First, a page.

In a way you teach men to support women through bad relationships? Seriously, is that that what makes a man ‘better’? If so, then the man is better off without a relationship. Supporting women through bad relationships, not one but multiple? Seriously? If a woman cannot even respect me that much and uses me as a keeper/foxhole for times when the bad guy fucked and dumped her and expects me to play the ‘nice guy’ and offer her emotional (and even financial and parental too if the bad guy makes her pregnant) support then she can forget about it. You prolly think all men to be dumb – enough to fall for this article!! The ones who don’t must be boy#2? But know what, I know my self-worth, i know I deserve better than these leeches; and I hope most men do, last thing a man needs in his home is a woman of lack of character or integrity as his wife. The title of this article should be: from a man to a mangina! Not that I expect anything saner from a feminazi. And those dating books you talk about athttps://casiaschreyer.wordpress.com/2016/04/10/women-are-just-people/ are not about stereotyping women, they are about how NOT to get used by women, they are about how NOT to get emasculated by bitter, damaged goods with poor experiences in relationships and anti-man attitude (you sound somewhat like that to be honest), those books are about how NOT to agree to a woman’s every assertion regardless of whether it is right or not, they are about why NOT to put women on a pedestal, they are about why NOT not to kiss a woman’s ass all the time and allow her to crawl all over you, they are about teaching guys to have an unique voice and OPINION which maybe different from that of the woman, they are about building self-confidence, they are about being ‘bad’ enough to attract women (even though women don’t confess it, almost all of them fall for bad guys one time or other, and that is a generalization which is true for 99% of women) but not as bad as you describe here – that is not taught in dating books. Lastly they are about protecting oneself from you and your sick kind. Maybe you should take your time to read The Game and other such books (rather than gender studies books) before posting your unfounded assumptions. Maybe then you would get a rare picture about what men ARE, and what men really WANT from women! That is, if you even CARE to learn, which I very much doubt because feminazis (as you have yourself proven in your ‘great’ blog) are often not just arrogant but also closed-minded fools playing the ‘victim card’ all the time. If all else fails you can always get an appointment with your local shrink for further treatment. Bye bye Ms. Feminazi and good luck to all your future ‘misandric’ endeavors.😛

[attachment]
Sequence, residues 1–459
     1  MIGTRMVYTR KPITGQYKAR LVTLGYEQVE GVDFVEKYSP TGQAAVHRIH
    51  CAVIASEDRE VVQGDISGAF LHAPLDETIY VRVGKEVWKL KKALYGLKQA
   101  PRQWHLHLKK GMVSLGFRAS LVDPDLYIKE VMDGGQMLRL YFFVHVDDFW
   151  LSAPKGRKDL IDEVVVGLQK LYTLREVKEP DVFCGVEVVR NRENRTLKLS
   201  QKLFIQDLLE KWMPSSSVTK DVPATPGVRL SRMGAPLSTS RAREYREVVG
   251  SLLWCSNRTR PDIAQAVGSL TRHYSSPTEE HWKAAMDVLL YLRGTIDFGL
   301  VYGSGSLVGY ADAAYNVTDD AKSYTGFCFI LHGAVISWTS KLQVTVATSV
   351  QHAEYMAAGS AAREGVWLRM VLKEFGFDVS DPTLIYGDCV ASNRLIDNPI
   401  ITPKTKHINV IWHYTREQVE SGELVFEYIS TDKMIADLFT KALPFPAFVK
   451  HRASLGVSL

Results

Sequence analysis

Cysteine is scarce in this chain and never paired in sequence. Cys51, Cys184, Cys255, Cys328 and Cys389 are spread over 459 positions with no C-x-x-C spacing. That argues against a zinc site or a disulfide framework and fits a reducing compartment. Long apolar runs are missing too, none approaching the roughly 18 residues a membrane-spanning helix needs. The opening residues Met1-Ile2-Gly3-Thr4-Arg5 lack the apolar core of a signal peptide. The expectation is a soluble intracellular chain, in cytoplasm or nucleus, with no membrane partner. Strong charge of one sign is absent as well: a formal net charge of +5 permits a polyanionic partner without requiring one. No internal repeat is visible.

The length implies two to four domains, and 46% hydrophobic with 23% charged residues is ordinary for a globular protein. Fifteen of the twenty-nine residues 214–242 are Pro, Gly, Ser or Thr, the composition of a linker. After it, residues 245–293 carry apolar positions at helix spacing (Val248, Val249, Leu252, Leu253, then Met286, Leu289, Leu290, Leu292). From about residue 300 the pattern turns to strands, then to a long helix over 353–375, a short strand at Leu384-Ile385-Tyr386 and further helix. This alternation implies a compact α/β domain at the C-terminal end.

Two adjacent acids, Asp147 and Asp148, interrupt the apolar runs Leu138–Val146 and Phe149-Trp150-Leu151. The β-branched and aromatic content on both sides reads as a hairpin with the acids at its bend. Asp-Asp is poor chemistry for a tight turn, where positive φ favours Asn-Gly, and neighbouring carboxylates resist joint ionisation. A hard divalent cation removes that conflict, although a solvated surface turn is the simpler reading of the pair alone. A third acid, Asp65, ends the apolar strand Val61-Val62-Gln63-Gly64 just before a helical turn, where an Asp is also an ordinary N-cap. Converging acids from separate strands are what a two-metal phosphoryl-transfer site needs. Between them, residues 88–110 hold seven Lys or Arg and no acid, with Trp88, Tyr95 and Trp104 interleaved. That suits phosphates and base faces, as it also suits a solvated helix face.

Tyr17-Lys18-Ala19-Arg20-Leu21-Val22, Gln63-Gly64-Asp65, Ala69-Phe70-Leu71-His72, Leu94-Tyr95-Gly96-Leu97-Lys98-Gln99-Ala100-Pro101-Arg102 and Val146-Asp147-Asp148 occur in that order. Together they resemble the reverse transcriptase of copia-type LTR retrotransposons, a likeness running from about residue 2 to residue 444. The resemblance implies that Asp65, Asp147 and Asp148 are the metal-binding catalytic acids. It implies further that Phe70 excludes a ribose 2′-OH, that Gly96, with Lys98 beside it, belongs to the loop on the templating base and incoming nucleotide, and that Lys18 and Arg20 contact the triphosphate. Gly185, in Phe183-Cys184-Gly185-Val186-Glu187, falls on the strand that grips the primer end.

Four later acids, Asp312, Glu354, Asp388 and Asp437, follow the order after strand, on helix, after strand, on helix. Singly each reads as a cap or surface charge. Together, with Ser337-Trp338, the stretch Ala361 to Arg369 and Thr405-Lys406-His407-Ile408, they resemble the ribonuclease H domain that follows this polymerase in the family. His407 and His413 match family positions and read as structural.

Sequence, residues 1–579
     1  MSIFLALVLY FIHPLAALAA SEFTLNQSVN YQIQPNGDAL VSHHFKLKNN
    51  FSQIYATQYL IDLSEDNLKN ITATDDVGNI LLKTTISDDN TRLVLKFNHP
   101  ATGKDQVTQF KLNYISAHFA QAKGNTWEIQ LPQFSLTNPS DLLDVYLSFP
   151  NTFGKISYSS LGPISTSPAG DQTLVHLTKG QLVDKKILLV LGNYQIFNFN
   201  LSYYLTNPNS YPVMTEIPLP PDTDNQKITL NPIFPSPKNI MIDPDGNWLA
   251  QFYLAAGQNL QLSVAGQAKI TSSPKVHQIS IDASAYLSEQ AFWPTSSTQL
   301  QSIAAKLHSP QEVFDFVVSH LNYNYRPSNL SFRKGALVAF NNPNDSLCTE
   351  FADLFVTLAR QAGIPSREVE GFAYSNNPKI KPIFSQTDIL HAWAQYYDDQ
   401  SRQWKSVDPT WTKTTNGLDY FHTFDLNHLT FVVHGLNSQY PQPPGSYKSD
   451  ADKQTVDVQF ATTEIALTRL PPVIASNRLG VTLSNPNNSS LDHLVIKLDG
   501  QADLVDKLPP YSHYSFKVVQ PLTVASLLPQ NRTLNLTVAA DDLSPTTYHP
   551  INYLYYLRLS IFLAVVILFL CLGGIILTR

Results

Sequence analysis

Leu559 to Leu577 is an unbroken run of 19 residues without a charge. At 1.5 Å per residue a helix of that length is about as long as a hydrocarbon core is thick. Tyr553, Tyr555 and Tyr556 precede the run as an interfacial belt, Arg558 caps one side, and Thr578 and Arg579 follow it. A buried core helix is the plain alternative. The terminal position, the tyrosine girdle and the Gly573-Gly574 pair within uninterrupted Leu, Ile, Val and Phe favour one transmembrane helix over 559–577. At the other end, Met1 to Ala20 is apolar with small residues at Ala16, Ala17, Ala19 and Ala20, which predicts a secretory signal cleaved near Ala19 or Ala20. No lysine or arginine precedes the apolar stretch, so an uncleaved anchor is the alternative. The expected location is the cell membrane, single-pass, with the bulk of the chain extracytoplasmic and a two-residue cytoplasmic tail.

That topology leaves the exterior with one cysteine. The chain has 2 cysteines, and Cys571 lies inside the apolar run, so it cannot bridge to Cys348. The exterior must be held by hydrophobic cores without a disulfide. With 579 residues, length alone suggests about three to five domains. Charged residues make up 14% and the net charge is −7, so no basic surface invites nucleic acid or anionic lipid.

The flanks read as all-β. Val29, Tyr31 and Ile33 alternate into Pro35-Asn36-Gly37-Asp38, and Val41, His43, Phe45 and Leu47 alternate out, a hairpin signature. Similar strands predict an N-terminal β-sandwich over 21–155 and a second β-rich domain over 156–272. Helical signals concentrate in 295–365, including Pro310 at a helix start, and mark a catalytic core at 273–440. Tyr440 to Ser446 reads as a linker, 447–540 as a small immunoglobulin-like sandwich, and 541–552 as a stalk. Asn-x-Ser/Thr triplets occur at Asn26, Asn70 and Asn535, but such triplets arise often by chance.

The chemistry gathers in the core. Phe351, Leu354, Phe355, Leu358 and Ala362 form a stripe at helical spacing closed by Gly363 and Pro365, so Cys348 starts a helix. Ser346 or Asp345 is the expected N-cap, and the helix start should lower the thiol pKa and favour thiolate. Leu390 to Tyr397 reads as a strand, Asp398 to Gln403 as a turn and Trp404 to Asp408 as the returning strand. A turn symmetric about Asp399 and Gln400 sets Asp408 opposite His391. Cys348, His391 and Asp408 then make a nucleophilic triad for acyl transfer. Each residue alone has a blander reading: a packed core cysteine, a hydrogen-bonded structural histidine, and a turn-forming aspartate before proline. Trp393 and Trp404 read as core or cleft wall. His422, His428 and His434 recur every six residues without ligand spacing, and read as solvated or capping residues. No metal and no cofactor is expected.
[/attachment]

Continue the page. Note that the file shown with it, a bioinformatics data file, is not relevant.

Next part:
First, I am not trying to teach “men” anything. I was trying to teach writers to avoid certain harmful stereotypes. What he says is legit, if he doesn’t want to support a woman through multiple bad relationships he doesn’t have to. No man should HAVE to do that. But it’s another one of those lovely stereotypes of romance novels that the good guy will wait indefinitely. My article was about two types of men and how they affect women, a narrow topic, and I do want to do an article about stereotypes and tropes that negatively affect men as well.

I don’t believe men are dumb. My father was a computer programmer. My husband fixes trains. Of five brother-in-laws (my sister’s husband, plus my husband’s 4 brothers) one is an app designer, one flies drones for a surveying company, one is studying to be a paramedic/firefighter, and two are farmers who can fix tractors and other vehicles. One of my grandfathers was a carpenter, the other worked in a factory as a supervisor (they made those big rolls of paper). My husband’s sister’s husband works in the surveying field. Many of my best teachers and professors were male. Of all these men most are sociable, friendly, and socially well adjusted, the others I simply don’t know well enough to judge. I don’t believe men are dumb. I believe there are dumb men out there. I believe there are dumb women out there. I believe that on occasion I can be pretty dumb too.

To say that ALL dating books are bad was not my intent, I only mentioned them because they were part of what inspired me to write the article. Just the titles. I will admit that I haven’t read one because the titles don’t appeal to me.